the charges of falsification
against Atty. Tolentino.

In disbarment proceedings, the burden of proof rests upon the

complainant; and the Court will exercise its disciplinary power only if the
complainant establishes the complaint with substantial evidence.67 ||

In her Complaint, Dolores alleged that she (with her siblings) sold the
property to Alejo and Filomena, presenting as proof thereof the Deed of Sale
dated January 3, 1978. We note, however, that Dolores would later on
disclose68 the actual transaction which transpired between them and Atty.
Tolentino involving the subject property, viz:

On ex-parte presentation of evidence, complainant

testified that she knew personally respondent Atty.
Roberto P. Tolentino as he was the one who actually
purchased their parcel of land located at Barangay
Sunga, Tagaytay City consisting of FIFTY THOUSAND
(50,000) square meters; she and her brother, Romulo
Natanauan and sisters, Rafaela Natanauan and Ernestina
Natanauan, are co-owners of said parcel of land as
evidenced by a Deed of Sale dated August 3, 1976 x x x
executed in their favor by Jose Natanauan and Salud

At the time of the said sale, Jose Natanauan and Salud

Marqueses are the registered owners of said parcel of land
by virtue of an Original Certificate of Title No. 0-1822 x x
x issued by the Register of Deeds for the Province of

Atty. Roberto P. Tolentino purchased said parcel of

land through the intervention of a certain Juan Luna;
on January 3, 1978, they were accompanied by Juan Luna
to the Office of Atty. Roberto P. Tolentino located at Roxas
Boulevard, Manila. Thereat, Atty. Roberto P. Tolentino,
paid them the amount EIGHTY THOUSAND (P80,
000.00) PESOS for and as downpayment for the

Reyes v. Nieva, supra note 62.
See Memorandum for Complainant, rollo, pp. 141-159.
Decision 11 A.C. No. 4269

purchase of said parcel of land. After receiving such

amount, they were asked by him to sign a Deed of Sale
dated August 3, 1979 x x x subject to the condition that
he will cause the transfer of ownership of the said parcel
of land from Jose Natanauan to them and thereafter, he
will pay the unpaid balance of the purchase price.

Instead of transferring said ownership from Jose

Natanauan to them, she declared that Atty. Roberto
Tolentino caused the transfer of ownership from Jose
Natanauan to Spouses Alejo Tolentino and Filomena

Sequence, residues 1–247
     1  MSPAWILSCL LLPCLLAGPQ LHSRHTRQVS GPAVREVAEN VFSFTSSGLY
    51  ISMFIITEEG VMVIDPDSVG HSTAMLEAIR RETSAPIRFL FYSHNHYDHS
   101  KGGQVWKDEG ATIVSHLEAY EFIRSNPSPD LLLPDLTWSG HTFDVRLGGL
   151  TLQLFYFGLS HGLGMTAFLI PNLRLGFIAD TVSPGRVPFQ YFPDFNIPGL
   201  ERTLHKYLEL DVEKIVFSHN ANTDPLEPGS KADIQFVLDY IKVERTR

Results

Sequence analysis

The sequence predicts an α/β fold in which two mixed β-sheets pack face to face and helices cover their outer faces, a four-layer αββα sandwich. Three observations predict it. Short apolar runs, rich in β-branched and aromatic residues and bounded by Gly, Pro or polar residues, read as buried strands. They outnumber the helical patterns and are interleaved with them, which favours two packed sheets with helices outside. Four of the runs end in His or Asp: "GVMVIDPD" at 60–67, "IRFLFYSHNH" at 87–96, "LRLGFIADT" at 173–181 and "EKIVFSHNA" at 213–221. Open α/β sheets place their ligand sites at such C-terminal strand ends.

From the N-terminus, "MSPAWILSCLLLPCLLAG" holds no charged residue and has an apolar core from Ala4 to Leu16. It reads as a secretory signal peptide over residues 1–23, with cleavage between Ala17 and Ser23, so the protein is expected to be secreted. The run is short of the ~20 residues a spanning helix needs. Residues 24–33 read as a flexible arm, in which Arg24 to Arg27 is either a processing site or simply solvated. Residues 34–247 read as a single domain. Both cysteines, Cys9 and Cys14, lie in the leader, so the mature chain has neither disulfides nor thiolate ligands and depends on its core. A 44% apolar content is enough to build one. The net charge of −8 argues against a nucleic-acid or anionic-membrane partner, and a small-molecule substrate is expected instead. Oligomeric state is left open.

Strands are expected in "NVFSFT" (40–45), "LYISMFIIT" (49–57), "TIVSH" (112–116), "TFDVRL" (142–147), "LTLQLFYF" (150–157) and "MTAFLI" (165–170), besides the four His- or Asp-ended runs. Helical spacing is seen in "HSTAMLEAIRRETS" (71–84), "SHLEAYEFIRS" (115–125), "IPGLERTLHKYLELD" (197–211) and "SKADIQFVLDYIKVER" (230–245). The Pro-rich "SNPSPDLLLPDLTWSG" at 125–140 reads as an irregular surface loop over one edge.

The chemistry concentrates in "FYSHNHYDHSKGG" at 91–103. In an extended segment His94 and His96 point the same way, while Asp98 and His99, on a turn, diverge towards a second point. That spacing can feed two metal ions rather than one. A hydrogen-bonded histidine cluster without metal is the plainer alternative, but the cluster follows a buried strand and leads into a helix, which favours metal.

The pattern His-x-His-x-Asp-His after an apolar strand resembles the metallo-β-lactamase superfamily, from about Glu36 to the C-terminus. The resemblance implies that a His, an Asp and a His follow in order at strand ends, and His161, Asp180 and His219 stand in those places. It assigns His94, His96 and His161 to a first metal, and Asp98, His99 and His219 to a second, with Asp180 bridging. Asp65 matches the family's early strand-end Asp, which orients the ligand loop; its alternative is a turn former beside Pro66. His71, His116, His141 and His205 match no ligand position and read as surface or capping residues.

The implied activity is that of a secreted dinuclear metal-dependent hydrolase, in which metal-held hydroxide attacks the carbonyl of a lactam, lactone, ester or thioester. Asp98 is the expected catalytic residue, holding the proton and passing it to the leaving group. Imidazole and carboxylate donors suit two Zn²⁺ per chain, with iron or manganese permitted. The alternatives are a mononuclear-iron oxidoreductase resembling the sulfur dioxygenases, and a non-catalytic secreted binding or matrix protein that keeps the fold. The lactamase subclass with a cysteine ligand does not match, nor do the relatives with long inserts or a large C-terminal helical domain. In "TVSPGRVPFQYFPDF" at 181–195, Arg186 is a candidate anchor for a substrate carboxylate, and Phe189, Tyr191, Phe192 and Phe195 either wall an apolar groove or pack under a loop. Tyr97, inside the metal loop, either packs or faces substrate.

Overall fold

Tolentino by executing a falsified Deed of Sale dated
August 3, 1979 x x x and Joint Affidavit dated August 6,
1979 x x x; Atty. Roberto P. Tolentino falsified and forged
the signatures of Jose Natanauan, Salud Marqueses,
Melquiades [Parungao] and Asuncion Fajardo in such
documents making it appear that they (Jose, Salud,
Melquiades and Asuncion) sold the said parcel of land to
Spouses Alejo Tolentino and Filomena Tolentino.69
(Emphasis supplied.)

We agree with Commissioner Espina’s finding that there is sufficient

proof to hold that Atty. Tolentino was involved in the falsification. The
totality of evidence (consisting of the falsified documents, Dolores’
testimony detailing the transactions surrounding the land, and the
investigation conducted by this Court) leaves no doubt as to Atty. Tolentino’s
involvement in, or at the very least, benefit from the acts of falsification
imputed against him.

Both Commissioner Espina and the IBP Board found that Atty.
Tolentino’s direct participation in the falsification of the Deed of Sale and
the Joint Affidavit could be inferred from the fact that he was the one who
personally entered into the subject contract with Dolores and her siblings,
merely using his brother Alejo and his wife Filomena as dummies.

We agree with the IBP. We find most telling of Atty. Tolentino’s

involvement is the Deed of Sale dated March 9, 197970 which, as found by
the IBP, Atty. Tolentino himself presented71 before this Court in the case of
Banco De Oro v. Bayuga.72 We quote the relevant portion of the Banco De
Oro decision, to wit:

During the oral argument, the Bank was required to

submit copies of the Record on Appeal filed in CA-G.R.
No. 64130-R of the Court of Appeals and a chronology of
relevant incidents. Its Compliance was filed on June 8,
1979. TOLENTINO was also required to submit, not later